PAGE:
Location: Foreign Disease-weed Science ResearchTitle: First report of Phakopsora pachyrhizi on soybean in Costa Rica Author
Submitted to: Plant Disease
Publication Type: Peer Reviewed Journal
Publication Acceptance Date: 11/19/2014
Publication Date: 11/25/2014
Publication URL: http://handle.nal.usda.gov/10113/61540
Citation: Murillo-Williams, A., Esker, P.D., Allen, T.W., Stone, C.L., Frederick, R.D. 2014. First report of Phakopsora pachyrhizi on soybean in Costa Rica. Plant Disease. 99(3)418. Interpretive Summary: Soybean rust (SBR) caused by the fungus Phakopsora pachyrhizi has not been reported to occur in Costa Rica in Central America. Soybean leaves with SBR symptoms were observed in fields in La Garita, Alajuela, Costa Rica in late December 2012 and early January 2013. Soybean plants displayed typical symptoms of SBR infection with yellow and brown spots, and micropscopic analysis revealed spores on the undersurface of infected leaves. Infected leaf samples were sent to the USDA-ARS Foreign Disease-Weed Science Research Unit for molecular characterization and identification. Real-time polymerase chain reaction assays and nucleotide sequence analysis confirmed the pathogen identity as P. pachyrhizi. This information about the spread of SBR to other countries is important to soybean pathologists and epidemiologist who are studying the movement of soybean rust throughout the world.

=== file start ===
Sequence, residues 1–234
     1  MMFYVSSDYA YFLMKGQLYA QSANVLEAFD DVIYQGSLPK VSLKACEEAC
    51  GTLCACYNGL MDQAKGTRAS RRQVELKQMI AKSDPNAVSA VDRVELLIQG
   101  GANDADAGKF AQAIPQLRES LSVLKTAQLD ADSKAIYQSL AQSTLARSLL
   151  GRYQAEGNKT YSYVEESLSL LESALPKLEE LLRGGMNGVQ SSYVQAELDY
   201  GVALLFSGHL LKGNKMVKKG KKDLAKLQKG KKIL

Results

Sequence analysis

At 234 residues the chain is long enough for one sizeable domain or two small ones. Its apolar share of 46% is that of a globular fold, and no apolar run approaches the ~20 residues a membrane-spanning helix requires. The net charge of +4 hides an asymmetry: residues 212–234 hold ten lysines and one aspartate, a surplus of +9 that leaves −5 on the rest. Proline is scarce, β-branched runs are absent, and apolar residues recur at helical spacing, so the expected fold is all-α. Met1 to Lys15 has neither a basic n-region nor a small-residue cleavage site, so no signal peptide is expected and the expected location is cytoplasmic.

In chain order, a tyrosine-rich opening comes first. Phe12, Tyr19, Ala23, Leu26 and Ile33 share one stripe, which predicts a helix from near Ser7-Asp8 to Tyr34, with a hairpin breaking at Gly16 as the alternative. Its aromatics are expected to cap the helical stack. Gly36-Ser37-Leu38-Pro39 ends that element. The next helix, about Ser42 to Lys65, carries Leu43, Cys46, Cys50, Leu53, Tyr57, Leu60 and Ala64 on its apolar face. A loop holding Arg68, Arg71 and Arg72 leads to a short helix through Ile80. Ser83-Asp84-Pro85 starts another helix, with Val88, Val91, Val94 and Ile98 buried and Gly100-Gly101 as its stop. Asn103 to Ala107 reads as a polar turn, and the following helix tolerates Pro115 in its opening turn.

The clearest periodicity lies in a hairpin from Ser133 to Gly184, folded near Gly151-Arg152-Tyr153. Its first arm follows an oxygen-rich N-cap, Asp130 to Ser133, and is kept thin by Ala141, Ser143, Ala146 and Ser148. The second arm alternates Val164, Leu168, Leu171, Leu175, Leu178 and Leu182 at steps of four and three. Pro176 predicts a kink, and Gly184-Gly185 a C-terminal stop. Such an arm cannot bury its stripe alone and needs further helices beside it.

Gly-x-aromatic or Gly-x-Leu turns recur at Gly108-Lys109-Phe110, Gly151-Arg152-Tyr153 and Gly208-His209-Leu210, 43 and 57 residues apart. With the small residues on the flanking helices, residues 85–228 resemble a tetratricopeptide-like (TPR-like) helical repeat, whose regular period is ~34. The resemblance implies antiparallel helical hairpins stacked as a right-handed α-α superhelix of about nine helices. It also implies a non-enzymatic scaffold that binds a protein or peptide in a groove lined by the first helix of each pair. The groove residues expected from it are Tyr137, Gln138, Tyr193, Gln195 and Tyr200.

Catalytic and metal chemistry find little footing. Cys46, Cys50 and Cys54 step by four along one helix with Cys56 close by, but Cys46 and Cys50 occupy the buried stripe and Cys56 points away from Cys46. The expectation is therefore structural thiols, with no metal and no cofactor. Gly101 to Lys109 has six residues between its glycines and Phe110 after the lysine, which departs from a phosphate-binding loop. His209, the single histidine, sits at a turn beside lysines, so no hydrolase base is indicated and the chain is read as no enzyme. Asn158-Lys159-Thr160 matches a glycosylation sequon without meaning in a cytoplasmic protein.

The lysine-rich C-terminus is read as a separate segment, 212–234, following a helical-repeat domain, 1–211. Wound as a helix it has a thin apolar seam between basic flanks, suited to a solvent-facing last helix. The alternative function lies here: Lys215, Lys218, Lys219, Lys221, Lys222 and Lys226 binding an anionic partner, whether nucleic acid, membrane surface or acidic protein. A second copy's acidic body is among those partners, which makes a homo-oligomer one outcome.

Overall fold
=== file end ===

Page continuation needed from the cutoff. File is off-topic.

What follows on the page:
Technical Abstract: American soybean rust, caused by Phakopsora meibomiae, has been reported to occur in several legume species in the tropical regions of Central and South America. In Costa Rica, this pathogen was initially reported as P. pachyrhizi; however, to our knowledge P. pachyrhizi has not been detected in the country. In routine evaluations of a soybean field in La Garita, Alajuela, Costa Rica, symptoms similar to Asian soybean rust were observed in late December 2012 and early January 2013. Soybean plants were at growth stages R4-R5 when these symptoms were observed, which were of the form of medium size yellow spots on leaves with brown spots on the abaxial surface. Further evaluations were made at growth stage R5-R6 where it was noted that the spots had coalesced, turned grayish-brown, with substantial defoliation. Routine and microscopic inspections indicated the presence of uredinia and urediniospores on the lower surface of the leaf. Infected leaf samples were packaged and submitted to the USDA-ARS Foreign Disease-Weed Science Research Unit under the appropriate USDA-Animal Plant Health Inspection Service permit for molecular characterization and identification. Urediniospores were collected by washing infected leaves with sterile water and pelleted by centrifugation. DNA was extracted from urediniospore pellets and excised leaf pieces, and all 8 samples amplified in real-time PCR with the P. pachyrhizi-specific primers Ppm1 and Ppa2 but not with the P. meibomiae-specific primers Ppm1 and Pme2. Nucleotide sequence alignment of the internal transcribed spacer regions 1 and 2 amplified by PCR using the primers Ppa1 and Ppa2 further confirmed the identification as P. pachyrhizi. To the best of our knowledge, this is the first known confirmation of Asian soybean rust, caused by P. pachyrhizi, in Costa Rica.